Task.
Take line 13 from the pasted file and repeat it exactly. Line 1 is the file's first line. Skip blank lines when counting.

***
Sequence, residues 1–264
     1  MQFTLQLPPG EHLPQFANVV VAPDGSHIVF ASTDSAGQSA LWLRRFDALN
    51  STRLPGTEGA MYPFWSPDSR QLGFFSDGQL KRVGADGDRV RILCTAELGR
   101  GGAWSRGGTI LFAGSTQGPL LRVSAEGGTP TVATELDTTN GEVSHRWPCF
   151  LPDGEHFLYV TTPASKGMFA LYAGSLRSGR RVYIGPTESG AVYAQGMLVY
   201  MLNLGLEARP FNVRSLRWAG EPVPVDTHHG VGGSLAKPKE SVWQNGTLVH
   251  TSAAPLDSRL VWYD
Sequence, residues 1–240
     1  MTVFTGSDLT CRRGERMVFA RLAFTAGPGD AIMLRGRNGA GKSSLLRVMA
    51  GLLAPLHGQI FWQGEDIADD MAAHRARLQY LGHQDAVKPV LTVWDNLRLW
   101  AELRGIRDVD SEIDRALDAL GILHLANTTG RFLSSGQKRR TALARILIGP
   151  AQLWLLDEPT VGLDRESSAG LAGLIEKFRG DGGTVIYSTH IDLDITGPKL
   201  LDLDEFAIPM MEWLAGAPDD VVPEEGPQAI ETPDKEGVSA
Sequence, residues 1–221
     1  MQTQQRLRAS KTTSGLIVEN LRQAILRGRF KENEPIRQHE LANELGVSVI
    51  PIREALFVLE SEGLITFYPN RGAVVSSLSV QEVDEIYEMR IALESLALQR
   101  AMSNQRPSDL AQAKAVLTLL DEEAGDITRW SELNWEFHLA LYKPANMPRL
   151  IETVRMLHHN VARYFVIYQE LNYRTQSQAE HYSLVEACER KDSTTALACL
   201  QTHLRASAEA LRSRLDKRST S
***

   201  LDLDEFAIPM MEWLAGAPDD VVPEEGPQAI ETPDKEGVSA